November 24, 2022

Inflation, supply chain issues and staffing shortages strain Wood Buffalo Food Bank

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Rising food costs, global supply chain issues and staffing issues caused by turnover and COVID-19 are straining the Wood Buffalo Food Bank (WBFB).

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Dan Edwards, executive director of the WBFB, said in an interview Thursday that grocery stores are among the food bank’s biggest suppliers. When they’re struggling, so is the food bank.

“We place our product order and half of it doesn’t arrive, because the store doesn’t get it and it’s not that we miss the store, it’s just that they’re also running out, so we can’t get the order because it hasn’t arrived,” Edwards said, adding that fresh fruits and vegetables are hard to come by.

“You have a finite number to spend, so I can spend ‘X’ dollars, but when the cost goes up, I get less for the same amount, so we see decreases in what we can buy in terms of quantity. »

The food bank distributed 400 food baskets in January, up from 601 baskets distributed in January 2021. But Edwards said demand continued to rise; the least hindrance was due to the fact that appointments had to be canceled due to lack of staff.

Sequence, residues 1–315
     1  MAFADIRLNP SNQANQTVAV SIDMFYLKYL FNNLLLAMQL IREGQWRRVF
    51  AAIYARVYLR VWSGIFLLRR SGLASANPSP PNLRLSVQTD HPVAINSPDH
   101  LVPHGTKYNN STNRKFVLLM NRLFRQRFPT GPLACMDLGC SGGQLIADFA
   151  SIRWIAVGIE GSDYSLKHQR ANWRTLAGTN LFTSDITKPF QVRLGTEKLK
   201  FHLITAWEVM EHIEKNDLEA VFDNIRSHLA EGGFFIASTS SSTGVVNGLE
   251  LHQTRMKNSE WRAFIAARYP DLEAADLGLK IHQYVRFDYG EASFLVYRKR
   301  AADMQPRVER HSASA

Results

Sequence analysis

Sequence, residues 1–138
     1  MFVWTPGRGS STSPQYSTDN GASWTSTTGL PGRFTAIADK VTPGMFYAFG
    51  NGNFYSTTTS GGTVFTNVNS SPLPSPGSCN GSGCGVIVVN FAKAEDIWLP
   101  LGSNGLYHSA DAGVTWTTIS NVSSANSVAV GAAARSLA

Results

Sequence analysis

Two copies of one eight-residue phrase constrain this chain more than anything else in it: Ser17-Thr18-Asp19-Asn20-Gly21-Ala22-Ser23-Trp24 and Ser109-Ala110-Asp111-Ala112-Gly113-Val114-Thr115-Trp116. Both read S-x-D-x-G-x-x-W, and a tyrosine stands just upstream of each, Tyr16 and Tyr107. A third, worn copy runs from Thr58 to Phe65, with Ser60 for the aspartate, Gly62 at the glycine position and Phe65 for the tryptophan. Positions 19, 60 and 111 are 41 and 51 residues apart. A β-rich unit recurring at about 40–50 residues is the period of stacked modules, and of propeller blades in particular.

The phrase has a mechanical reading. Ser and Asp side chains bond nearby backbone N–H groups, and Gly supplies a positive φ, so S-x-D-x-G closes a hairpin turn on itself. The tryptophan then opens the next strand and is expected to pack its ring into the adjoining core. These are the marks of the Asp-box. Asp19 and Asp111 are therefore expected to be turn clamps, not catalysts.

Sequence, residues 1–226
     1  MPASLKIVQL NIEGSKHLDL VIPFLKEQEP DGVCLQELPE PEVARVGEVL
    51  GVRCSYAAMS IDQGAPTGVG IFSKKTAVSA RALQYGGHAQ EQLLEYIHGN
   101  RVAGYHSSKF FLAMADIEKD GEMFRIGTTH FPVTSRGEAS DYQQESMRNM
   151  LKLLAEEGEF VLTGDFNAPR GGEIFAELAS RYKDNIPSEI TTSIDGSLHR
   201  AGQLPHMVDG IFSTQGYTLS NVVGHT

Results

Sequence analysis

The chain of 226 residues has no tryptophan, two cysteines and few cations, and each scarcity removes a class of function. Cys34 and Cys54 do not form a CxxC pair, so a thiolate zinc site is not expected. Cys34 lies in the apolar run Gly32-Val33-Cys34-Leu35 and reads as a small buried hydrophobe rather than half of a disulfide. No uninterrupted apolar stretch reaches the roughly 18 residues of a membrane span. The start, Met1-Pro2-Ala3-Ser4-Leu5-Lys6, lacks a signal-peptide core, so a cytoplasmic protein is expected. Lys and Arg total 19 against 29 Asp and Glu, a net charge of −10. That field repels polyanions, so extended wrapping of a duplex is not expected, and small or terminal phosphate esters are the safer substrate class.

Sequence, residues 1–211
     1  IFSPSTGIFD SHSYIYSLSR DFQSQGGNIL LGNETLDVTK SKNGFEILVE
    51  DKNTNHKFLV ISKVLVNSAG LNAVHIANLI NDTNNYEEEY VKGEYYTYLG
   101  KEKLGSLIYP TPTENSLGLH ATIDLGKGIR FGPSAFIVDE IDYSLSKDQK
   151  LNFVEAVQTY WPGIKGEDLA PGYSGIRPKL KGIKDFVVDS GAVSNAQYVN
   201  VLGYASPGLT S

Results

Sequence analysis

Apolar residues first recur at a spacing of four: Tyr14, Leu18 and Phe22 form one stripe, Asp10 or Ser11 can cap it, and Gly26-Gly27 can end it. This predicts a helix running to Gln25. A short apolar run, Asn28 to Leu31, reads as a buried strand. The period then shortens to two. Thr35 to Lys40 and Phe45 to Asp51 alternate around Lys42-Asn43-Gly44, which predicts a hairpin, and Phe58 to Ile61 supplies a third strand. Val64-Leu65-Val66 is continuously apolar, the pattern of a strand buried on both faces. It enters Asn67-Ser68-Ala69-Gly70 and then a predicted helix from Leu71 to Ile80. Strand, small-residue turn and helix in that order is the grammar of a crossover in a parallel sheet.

The organization ended 2021 with no signs of slowing demand. The food bank averaged 32 new clients each month. Between August 2020 and July 2021the end of the food bank’s fiscal year, the organization distributed 6,137 monthly baskets which fed 12,776 people across Fort McMurray Wood Buffalo. Between August and October of this year, 1,421 monthly baskets were distributed.

Demand has increased since 2013 and exploded when global oil prices crashed in late 2014. Since 2013, the only annual declines reported by the food bank were in 2016 and 2020. Indeed, the food bank briefly closed these years due to the 2016 Horse River Fire and April 2020 Flood.

Grocery prices also rose nearly 6% year over year, according to the Bank of Canada’s January Monetary Policy Report. This number will likely continue to increase this year.

Supply chain issues have been a regular issue throughout the COVID-19 pandemic, with government restrictions at border crossings slowing or temporarily halting the flow of products.

-With files by Josh Aldrich and Vincent McDermott

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